Issue 1. Q3 2010

1st Issue of the Journal

L’imagerie et le symbolisme de la prostitution dans le roman francophone post-indépendance: Lecture de Notre pain de chaque nuit de Florent Couao-Zotti

Nov 9 2010

Y.O. AREMU
Département des langues et de linguistique
Université de Jos

Social and Aesthetic Mediations in Beckett’s Waiting for Godot

Nov 9 2010

By
Pomak Frank Tengya
Department of Theatre and Film Arts, University of Jos

Renewing the Face of Counterterrorism for Global Peace: The Challenges for Theatre Artists in Nigeria

Nov 9 2010

By
Charles U. Adora
Department of Theatre Arts
Kogi State University, Kogi State, Nigeria

Towards an Improved Political Participation by Nigerian Women: an Evaluation of Irene Salami’s More Than Dancing

Nov 9 2010

By
Tse Andera Paul
Department Of Theatre Arts, College Of Education
Katsina-Ala

The Dearth of Indigenous Literature: Implications for the Teaching and Practice of Mass Communication in Nigeria

Nov 9 2010

By
Godfrey Danaan
Department of Mass Communication, University of Jos

Are Nigerians Aware of the MDGs? A Theatre Dialogue

Nov 9 2010

By
Gowon Ama Doki
&
John Ochinya Onah
Department of Theatre Arts, Benue State University, Makurdi

Constitutional Democracy and the Plurality of Elites in Nigeria

Nov 9 2010

By
Alexander Jang Madugu
Department of History and International Studies
University of Jos

Moliere’s Tartuffe as a Paradigm to Critique: ‘Pente- Rascalism’ in Nigeria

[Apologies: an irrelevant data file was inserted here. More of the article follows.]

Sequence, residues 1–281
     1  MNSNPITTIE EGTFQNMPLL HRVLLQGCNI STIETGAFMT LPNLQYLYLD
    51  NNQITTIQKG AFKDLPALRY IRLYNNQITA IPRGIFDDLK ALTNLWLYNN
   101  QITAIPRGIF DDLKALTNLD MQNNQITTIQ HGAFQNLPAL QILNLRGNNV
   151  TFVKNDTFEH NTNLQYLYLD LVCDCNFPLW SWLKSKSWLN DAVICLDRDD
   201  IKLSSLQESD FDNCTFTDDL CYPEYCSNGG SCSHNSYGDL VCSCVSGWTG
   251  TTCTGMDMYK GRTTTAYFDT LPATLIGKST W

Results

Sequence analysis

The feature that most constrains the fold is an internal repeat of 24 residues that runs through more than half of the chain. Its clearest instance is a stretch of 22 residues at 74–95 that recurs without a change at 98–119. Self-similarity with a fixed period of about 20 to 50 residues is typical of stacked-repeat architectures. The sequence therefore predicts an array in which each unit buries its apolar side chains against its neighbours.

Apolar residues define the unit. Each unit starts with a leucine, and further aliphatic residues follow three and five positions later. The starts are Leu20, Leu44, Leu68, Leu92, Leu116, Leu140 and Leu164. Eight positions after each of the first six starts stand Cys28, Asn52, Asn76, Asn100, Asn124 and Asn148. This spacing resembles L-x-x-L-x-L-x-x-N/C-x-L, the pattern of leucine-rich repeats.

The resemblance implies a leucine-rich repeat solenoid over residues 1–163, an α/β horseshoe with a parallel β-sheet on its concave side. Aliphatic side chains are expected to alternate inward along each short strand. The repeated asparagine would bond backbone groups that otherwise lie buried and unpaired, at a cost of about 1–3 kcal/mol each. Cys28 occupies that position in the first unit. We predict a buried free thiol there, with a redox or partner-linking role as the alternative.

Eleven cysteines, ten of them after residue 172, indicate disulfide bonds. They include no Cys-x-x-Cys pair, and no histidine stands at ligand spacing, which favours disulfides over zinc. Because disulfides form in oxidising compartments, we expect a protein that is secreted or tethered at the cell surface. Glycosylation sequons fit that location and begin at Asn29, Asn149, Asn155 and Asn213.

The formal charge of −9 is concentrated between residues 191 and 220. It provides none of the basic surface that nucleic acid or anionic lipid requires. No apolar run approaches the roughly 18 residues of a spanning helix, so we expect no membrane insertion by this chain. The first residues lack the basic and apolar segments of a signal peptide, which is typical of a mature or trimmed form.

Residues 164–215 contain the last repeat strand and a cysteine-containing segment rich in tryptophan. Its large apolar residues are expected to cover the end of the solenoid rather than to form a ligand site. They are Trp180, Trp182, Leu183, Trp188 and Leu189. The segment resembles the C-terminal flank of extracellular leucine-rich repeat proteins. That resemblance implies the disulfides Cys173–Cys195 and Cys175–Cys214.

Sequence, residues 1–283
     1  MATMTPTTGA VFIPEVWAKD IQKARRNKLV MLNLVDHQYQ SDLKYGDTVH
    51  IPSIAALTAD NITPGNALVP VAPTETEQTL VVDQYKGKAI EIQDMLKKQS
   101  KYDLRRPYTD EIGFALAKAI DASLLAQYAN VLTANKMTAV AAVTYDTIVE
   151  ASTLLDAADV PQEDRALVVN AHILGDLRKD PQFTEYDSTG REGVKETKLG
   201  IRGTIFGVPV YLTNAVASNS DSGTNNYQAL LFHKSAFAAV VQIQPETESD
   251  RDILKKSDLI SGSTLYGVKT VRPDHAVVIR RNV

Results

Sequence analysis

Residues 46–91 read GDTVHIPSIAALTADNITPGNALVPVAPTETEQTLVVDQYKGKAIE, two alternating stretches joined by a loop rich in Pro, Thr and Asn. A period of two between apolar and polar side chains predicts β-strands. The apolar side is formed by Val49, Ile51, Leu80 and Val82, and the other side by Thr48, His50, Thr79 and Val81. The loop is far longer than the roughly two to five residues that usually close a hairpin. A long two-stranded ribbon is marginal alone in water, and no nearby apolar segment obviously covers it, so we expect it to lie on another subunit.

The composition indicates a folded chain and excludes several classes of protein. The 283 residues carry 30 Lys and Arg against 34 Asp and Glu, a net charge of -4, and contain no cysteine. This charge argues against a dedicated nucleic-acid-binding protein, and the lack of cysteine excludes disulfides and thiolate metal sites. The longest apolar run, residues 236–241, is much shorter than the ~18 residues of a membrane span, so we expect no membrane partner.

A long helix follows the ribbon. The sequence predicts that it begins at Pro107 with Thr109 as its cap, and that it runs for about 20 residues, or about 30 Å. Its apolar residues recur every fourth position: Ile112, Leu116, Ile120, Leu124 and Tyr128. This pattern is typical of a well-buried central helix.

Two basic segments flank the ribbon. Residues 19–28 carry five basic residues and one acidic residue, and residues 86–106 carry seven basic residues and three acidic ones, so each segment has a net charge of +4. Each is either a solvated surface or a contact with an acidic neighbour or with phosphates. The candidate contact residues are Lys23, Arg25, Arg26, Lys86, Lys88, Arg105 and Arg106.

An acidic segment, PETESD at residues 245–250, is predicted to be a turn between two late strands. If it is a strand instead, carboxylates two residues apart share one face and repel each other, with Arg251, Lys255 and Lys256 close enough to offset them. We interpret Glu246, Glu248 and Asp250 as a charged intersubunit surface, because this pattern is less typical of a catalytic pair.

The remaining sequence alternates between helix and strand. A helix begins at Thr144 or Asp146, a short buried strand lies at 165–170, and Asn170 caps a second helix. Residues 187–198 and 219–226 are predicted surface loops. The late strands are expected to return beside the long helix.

Nov 9 2010

By
Umaru Tsaku Hussaini
Department of Theatre and Film Arts, University of Jos

The Subcategorization of the English Verb: A Contrastive Analysis

Nov 9 2010

By
Keziah Pam
University of Jos

Women’s Performance In Ori-Olokun Theatre: A Participant-Observer’s Reflection

Sep 28 2007

Bose Ayeni-Tsevende
Department of Theatre and Communication Arts, University of Jos, Jos, Nigeria.

The Alarinjo theatres were family enterprises. The Ori-Olokun sought to create a different theatre tradition. However, before I joined the theatre in 1971, the females who took part in the Ori-Olokun theatrical performances were students or members of staff of the University of Ife, or persons within the community who performed purely on the basis of personal interest.
Work mainly consisted of warm-ups, led by Peggy Harper, the resident choreographer, and Peter Badejo, the Ori-Olokun Theatre’s star dancer. This was thirty minutes of warm-up, usually done to pulsating music of Baba Ayan, a great master drummer of the Yoruba talking drum, with full ensemble, manned also by professional drummers and musicians. After the delightful exercises, the group went to the main body of the rehearsal for the day. Usually, it would be an Ola Rotimi play, ranging from Oyonramwen Nogbaisi, The Gods Are Not to Blame, Our Husband Has Gone Mad Again, Holding Talks, Kurunmi and so on.